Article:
Under a microscope, creatine supplements tend to be a creatine molecule paired with some other sort of molecule to stabilize the structure. Creatine nitrate for instance, is a creatine paired with a nitrate.
So, how does creatine nitrate compare to creatine monohydrate?
This is less a comparison of creatine, and more a comparison of “nitrate bound” vs “monohydrate bound”. Thus far, there is very little research demonstrating any superiority over monohydrate by nitrate.
All we’ve got is a study saying “3 grams creatine nitrate is comparable to 3 grams of monohydratee – Bio Med Central JISSN“. Problem here, is that 3 grams is still pretty weak for monohydrate.
But here is what we do know:
Creatine Nitrate dissolves in water roughly ten times more effectively than creatine monohydrate.
This means for you directly, that you’ll need to spend less time mixing creatine nitrate in water to get it to dissolve, compared to monohydrate.
Likewise, you will be less inclined to get a stomach ache from nitrate that can result when creatine monohydrate stays as granules in your stomach where it can cause irritation (conditional side effect).
But before you get too excited…
Creatine Nitrate isn’t the only form that dissolves better than Creatine Monohydrate.
In fact, nearly every form of creatine dissolves faster than monohydrate.
Better dissolving creatine products include:
- Creatine Hydrochloride (Cr-HCL)
- Free-Acid Creatine (unbound)
- Creatine Magnesium Chelate
- Creatine Citrate
And honestly, you don’t see too many of these forms being widely sold. Just like you don’t see creatine nitrate being widely used. With the exception of Creatine Hydrochloride (HCL) which has modest adoption and is by far the best absorbing of them all.
But this doesn’t mean Creatine Nitrate is worthless.
Cellucor put creatine nitrate into their C4 pre workout because it absorbs quickly and doesn’t taste half bad. While it may not be as effective (or proven effective) as creatine monohydrate… It is still going to do something.
When we say “do something” though, we mean at a science-backed significant dosage.
After all, even creatine monohydrate has been found to be worthless if you’re taking too little of it.
With that being said, we have no idea if creatine nitrate is being properly dosed. Its something you’ll have to test out on your own, and add if need be add other sources of creatine until you hit an effective dosage threshold to reap gains.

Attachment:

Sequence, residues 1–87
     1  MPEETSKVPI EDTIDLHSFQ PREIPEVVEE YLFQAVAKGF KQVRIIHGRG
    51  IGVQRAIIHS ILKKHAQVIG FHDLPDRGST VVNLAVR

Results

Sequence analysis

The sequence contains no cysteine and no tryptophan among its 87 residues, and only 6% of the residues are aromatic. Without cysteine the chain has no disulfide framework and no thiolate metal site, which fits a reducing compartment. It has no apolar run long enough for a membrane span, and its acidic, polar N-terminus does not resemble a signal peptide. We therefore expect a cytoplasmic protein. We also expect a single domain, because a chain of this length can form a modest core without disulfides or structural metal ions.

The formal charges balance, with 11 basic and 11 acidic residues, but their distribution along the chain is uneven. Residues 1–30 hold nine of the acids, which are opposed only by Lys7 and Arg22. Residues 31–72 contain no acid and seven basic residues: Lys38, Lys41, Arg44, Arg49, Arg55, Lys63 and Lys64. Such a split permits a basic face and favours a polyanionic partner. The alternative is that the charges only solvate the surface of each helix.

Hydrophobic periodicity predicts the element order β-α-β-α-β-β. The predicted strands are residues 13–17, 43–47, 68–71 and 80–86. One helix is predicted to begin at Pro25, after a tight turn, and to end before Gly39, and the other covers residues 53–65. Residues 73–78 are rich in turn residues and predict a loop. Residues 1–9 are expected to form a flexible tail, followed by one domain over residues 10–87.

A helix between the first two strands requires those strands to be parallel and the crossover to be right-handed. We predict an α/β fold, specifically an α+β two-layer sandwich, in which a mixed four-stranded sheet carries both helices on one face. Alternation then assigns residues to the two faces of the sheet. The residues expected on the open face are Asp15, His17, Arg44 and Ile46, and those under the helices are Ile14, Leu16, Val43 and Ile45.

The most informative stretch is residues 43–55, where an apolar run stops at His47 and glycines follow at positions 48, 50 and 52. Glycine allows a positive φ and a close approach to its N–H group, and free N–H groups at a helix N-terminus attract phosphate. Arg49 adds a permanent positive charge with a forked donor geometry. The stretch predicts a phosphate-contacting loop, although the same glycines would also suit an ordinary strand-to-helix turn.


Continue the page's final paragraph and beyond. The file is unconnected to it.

What this all means: Should you take it?
To summarize everything that we’ve covered… Creatine Nitrate is creatine all the same.
Every single creatine nitrate product we’ve seen thus far has been pretty low-dose… Therefor the actual impact of it being in there is probably not very valid.
With that being said, we do not give ‘points’ to products containing it or not. We’re still going to take our daily 5 grams of creatine monohydrate regardless of whether the pre workout we are trying out contains a gram of this stuff or not.
Corollary note on Nitrate(s):
Beet root supplements like Beet Elite or Super Beets are massively popular for their nitrate content. This nitrate content is a pretty effective method for increasing nitric oxide levels.
So, if you take a product that contains creatine nitrate, and the pump is better than you expected it to be – likely the nitrate from creatine nitrate is lending a helping hand.
Conclusion on Creatine Nitrate Supplements
Straight up, you’re not going to catch us trading in our favorite creatine supplements for creatine nitrate any day soon.
If its in our pre workouts that we test out, cool. No problem! We know that it will add to the pump experience and if dosed correctly provide some strength.
But when it comes to mindfully taking creatine with the purpose of getting mad gains – its creatine monohydrate all day.
Unless of course our stomachs are in shambles or we really want to maintain a cut look, then we reach for creatine hydrochloride as an alternative.